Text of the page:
Hannah Kearney

Hannah Kearney wins World Cup moguls opener (video)

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Hannah Kearney has a full season to prepare for the Olympics after suffering serious injuries in October 2012. She’s not wasting time.

The 2010 Olympic moguls champion won the season-opening World Cup event in Ruka, Finland, on Saturday. Kearney, 27, scored 25.07 points to win by 1.17 over Canada’s Justine Dufour-Lapointe.

Canadian Mikael Kingsbury won the men’s event, edging countryman and 2010 Olympic champion Alexandre Bilodeau.

Kearney, who said Sochi will be her last Olympics, is attempting to become the first freestyle skier to win multiple Olympic gold medals. She won 16 straight moguls or dual moguls World Cups from January 2011 to February 2012.

In October 2012, she lacerated a liver, broke two ribs and punctured a lung in a training crash. She returned to the World Cup circuit in January 2013, missing two stops, and won six of 10 events and the World Championship to close last season.

“[The injuries] took my sport away from me for a couple months,” Kearney said before this season. “Nothing like that to realize you love it and still feel motivated. I feel like I’m back and stronger than ever now.”

She said she feels different than going into the 2010 Olympics, when she was the underdog to 2006 Olympic champion Jenn Heil of Canada, who has since retired.

“I failed in the previous Olympics [in 2006], so I had nothing to lose,” said Kearney, who infamously splashed out in qualifying in Torino. “This is more pressure in the sense that the media expects more from you. Other competitors expect things from you. I expect things from myself, but, luckily, pressure is a made-up thing that’s in your mind.”

Ruka Moguls
1. Hannah Kearney (USA) 25.07
2. Justine Dufour-Lapointe (CAN) 23.90
3. Aiko Uemura (JPN) 23.69
7. Heather McPhie (USA) 23.00
11. Eliza Outtrim (USA) 22.16
13. Heidi Kloser (USA) 21.99
18. K.C. Oakley (USA) 20.39
19. Mikaela Matthews (USA) 19.82

1. Mikael Kingsbury (CAN) 26.93
2. Alexandre Bilodeau (CAN) 26.54
3. Sho Endo (JPN) 25.24
6. Patrick Deneen (USA)
9. Bradley Wilson (USA) 23.63
11. Joe Discoe (USA) 23.35
13. Dylan Walczyk (USA) 22.98
26. Sho Kashima (USA) 21.87
DNF. Bryon Wilson (USA)
DNF. Jeremy Cota (USA)

Star U.S. freeskier tears meniscus, Olympics in doubt

Elana Meyers Taylor crashes, brakewoman ejected (video)

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Two-time Olympic medalist Elana Meyers Taylor‘s start to the World Cup bobsled season was both record-breaking and painful.

Meyers Taylor and brakewoman Kehri Jones had the fastest women’s start time ever recorded on the 2010 Olympic track in Whistler, B.C., on Saturday.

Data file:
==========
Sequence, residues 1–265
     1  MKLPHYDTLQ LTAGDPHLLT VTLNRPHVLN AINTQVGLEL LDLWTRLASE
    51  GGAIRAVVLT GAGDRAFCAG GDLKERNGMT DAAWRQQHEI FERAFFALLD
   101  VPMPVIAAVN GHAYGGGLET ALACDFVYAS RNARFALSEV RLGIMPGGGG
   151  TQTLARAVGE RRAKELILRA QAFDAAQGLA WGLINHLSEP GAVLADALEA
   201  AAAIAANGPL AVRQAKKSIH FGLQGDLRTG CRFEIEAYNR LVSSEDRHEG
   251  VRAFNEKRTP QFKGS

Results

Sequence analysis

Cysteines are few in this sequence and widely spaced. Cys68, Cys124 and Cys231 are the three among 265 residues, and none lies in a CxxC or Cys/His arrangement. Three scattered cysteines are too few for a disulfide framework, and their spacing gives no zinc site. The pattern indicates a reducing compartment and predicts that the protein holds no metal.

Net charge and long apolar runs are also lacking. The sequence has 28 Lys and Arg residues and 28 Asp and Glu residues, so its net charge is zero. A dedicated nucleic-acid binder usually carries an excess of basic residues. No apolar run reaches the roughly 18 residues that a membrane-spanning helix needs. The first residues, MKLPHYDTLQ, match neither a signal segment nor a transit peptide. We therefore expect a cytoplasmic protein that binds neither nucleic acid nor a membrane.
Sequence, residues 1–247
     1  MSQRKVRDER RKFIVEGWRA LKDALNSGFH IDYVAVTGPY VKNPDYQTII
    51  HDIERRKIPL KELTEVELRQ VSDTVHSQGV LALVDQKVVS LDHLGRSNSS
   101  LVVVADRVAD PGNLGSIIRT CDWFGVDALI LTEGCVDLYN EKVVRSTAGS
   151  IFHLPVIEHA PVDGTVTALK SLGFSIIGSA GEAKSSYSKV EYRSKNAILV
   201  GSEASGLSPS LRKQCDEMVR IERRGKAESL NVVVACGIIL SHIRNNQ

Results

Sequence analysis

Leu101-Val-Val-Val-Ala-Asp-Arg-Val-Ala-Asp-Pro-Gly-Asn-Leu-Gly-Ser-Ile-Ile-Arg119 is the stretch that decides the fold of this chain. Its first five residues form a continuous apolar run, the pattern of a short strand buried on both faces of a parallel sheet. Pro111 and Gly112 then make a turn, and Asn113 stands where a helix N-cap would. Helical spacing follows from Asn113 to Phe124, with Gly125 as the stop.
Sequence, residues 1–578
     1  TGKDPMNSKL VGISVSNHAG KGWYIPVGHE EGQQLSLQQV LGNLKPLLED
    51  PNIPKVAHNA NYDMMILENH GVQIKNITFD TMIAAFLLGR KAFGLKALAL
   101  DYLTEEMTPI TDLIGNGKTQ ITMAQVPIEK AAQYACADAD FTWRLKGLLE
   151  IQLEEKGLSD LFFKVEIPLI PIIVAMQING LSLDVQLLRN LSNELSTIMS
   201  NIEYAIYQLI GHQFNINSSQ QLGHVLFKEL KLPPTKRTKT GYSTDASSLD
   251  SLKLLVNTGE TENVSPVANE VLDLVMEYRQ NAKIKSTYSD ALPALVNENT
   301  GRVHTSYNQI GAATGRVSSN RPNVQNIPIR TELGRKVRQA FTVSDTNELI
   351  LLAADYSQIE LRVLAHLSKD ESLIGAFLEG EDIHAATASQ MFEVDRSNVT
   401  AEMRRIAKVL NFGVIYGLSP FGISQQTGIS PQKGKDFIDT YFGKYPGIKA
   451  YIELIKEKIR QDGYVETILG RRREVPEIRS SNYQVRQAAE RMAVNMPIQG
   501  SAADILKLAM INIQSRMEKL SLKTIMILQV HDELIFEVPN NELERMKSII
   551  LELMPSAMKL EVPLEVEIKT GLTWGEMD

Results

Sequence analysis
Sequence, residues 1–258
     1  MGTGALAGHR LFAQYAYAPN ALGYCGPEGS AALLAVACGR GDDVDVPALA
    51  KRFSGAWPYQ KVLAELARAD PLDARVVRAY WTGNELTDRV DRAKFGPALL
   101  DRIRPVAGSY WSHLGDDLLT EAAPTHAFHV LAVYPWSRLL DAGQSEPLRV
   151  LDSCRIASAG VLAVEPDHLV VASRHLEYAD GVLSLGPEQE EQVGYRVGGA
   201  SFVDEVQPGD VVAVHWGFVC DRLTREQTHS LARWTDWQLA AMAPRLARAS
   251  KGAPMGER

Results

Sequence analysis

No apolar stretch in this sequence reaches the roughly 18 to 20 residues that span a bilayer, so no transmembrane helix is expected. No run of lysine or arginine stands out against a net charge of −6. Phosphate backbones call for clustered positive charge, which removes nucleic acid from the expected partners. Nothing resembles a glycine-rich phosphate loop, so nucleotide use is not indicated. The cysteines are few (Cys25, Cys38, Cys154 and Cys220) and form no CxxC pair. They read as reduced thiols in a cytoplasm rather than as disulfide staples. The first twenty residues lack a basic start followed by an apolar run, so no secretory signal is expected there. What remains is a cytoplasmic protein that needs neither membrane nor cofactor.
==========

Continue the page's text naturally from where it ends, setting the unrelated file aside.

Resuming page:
But only one of them made it to the finish.

Meyers Taylor crashed the sled during their first run, with the impact causing Jones to eject out the back and slide along the chute before coming to a stop.

Both athletes were able to walk off the track, according to U.S. Bobsled.

Meyers Taylor missed four races last season while receiving treatment for long-term effects from a January 2015 concussion. She returned to win at the last two stops.

MORE: Why Steven Holcomb mulled retirement

Diver Sammy Lee, first Asian-American male gold medalist, dies at 96

NEW YORK, NY - APRIL 18:  1948 and 1952 Olympic platform diving gold medalist Dr. Sammy Lee and Olympic diving hopeful Brittany Viola of the United States attend the Team USA Road to London 100 Days Out Celebration in Times Square on April 18, 2012 in New York City.  (Photo by Jeff Zelevansky/Getty Images for USOC)
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Dr. Sammy Lee, the first Asian-American man to win an Olympic gold medal and first male diver to repeat as Olympic champion, died of pneumonia at age 96 on Friday, according to the University of Southern California.

Lee was born in Fresno, Calif., of Korean parents.

He unretired from a medical career to compete in his first Olympics in London in 1948, after the Games took a 12-year break due to World War II.

Lee earned platform gold and springboard bronze in 1948 and then retired, unretired and defended his platform title in 1952. Lee and another Asian-American, Victoria Manolo-Draves, who had a Filipino father and English mother, both won diving titles in 1948, with Draves’ springboard gold coming first.

Lee also served in the U.S. Army Medical Corps during the Korean War.

He succeeded despite facing racial discrimination. From TeamUSA.org:

When Sammy was growing up, non-whites could use the pool where he practiced one day a week, on Wednesdays only. And then, as he has told it, the pool would be emptied after the non-whites used it, and fresh water was brought in the next day.

When the pool was off-limits, Sammy practiced by jumping into a sand pile.

Lee went on to coach divers, including Greg Louganis, after his competitive career, and continued his medical work. He graduated from USC’s medical school in 1947.

He is a member of the U.S. Olympic and International Swimming Halls of Fame.

*Correction: An earlier version of this post erroneously reported Lee was the first Asian-American Olympic champion. He was the second.